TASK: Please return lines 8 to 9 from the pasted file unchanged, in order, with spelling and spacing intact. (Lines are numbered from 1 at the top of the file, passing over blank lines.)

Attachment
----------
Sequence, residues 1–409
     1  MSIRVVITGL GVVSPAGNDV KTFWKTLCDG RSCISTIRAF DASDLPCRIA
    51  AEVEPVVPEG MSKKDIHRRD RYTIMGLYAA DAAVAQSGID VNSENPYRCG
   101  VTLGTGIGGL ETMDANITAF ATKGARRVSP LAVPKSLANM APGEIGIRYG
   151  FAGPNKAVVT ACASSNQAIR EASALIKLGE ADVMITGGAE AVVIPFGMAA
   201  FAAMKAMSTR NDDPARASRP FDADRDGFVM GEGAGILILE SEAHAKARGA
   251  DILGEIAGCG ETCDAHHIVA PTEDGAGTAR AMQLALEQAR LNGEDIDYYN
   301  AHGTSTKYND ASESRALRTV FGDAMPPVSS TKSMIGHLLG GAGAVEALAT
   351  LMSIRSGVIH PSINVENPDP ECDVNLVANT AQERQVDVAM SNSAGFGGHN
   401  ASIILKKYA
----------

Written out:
   301  AHGTSTKYND ASESRALRTV FGDAMPPVSS TKSMIGHLLG GAGAVEALAT
   351  LMSIRSGVIH PSINVENPDP ECDVNLVANT AQERQVDVAM SNSAGFGGHN